Formula One Cars Stripped

Nowhere else can visitors and photographers get as close to Formula One racing cars as at historic motorsport events. When the drivers and their racing cars are not out on the track looking for seconds, they are in the pits being prepared, serviced or, in the worst case, repaired.

Formula One Cars Stripped

During this work, it is of course necessary to remove the individual body parts so that the view of every little design detail is unobstructed. Of course, such insights are not possible in the current Formula 1, where everything is kept a very big secret and the fear of espionage is omnipresent. Because then as now, the smallest technical tricks, the most unusual aerodynamic tricks determine the success or failure of a Formula 1 racing car.


For me, it is always fascinating to gain these insights into the technology and construction of a Formula 1 racing car. Everything is so clearly organised, tidy and well thought out. No unnecessary ballast, everything is designed for functionality and at the same time for weight saving with simultaneous durability and resistance.


Sometimes I am amazed at how simple, constructively logical, some aspects of an F1 racing car are. As a young man I assembled many Tamiya kits of the Formula 1 racing cars of the time. This is perhaps the reason why I recognise and understand some of the racing cars, I’m not really an engineer but just a photographer.


What you can also recognise in the different eras of Formula 1 racing cars is the development in design and construction. The Grand Prix racing cars of the Historic Grand Prix Association, i.e. the Formula 1 cars of the fifties and sixties, are based on a tubular frame chassis, while the later racing cars, starting with the Lotus 49, have a monocoque construction, first made of aluminium in honeycomb construction, then with the appearance of the McLaren MP4/1 made of carbon fibre. The carbon fibre construction is still state of the art today in terms of torsional rigidity, lightness and, above all, safety.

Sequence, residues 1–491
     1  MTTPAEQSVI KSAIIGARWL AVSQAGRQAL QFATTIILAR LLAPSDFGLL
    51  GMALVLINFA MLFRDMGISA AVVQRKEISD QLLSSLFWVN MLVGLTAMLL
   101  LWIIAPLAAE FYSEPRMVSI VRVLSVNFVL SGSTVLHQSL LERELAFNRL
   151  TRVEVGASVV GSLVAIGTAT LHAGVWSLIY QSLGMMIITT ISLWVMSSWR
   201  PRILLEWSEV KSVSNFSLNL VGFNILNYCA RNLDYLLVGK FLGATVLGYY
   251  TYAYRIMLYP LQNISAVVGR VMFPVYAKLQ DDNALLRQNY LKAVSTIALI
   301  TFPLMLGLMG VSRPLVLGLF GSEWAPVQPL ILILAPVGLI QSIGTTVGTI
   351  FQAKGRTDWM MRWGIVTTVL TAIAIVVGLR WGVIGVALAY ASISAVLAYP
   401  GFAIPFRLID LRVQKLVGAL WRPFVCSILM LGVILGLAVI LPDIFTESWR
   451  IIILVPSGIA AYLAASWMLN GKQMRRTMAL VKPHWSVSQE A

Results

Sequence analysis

Because if you look at the exposed tubular frame of a Grand Prix racing car today, I at least wonder how you could get in there with a clear conscience, let alone race with such a fragile construction. But to be honest, the aluminium monocoques of the eighties don’t look particularly stable or confidence-inspiring either. But in their day, they were the measure of all things. These racing cars are works of automotive art anyway. In their day, they were the fastest and most elaborate constructions in motorsport and for the respective generation of racing drivers, the goal of their career.


It is also very interesting to see how the designers tried to keep the centre of gravity of their Formula 1 racing cars as low and as central as possible. In some racing cars, this led to the petrol tanks being positioned around the driver – a terrible idea from today’s perspective. It is already recognisable how the safety of the drivers became more and more important without compromising on performance.


The design of the sidepods in the Formula 1 wing car era of the early 1980s is also very interesting to observe. The sidepods were designed as an inverted wing profile, equipped with movable side skirts to channel the airflow under the car. In addition, the side boxes were completely empty except for the radiators. Incidentally, the use of the side skirts is forbidden today at historic motorsport events because it can repeatedly lead to stalling, which then results in a loss of downforce.

All these design details become visible when a Formula 1 racing car is stripped of its panelling – Formula One Car Stripped. Find out more about our photographer Ralph Lüker.

WEC2168 OGP 3966 OGP 2016 samstag r.lueker 09795 OGP 2016 freitag r.lueker 01751 OGP 2016 freitag r.lueker 01696OGP 2016 freitag r.lueker 00999 OGP 0297 OGP 0291 OGP 0290 OGP 0253 WEC2257 WEC2201

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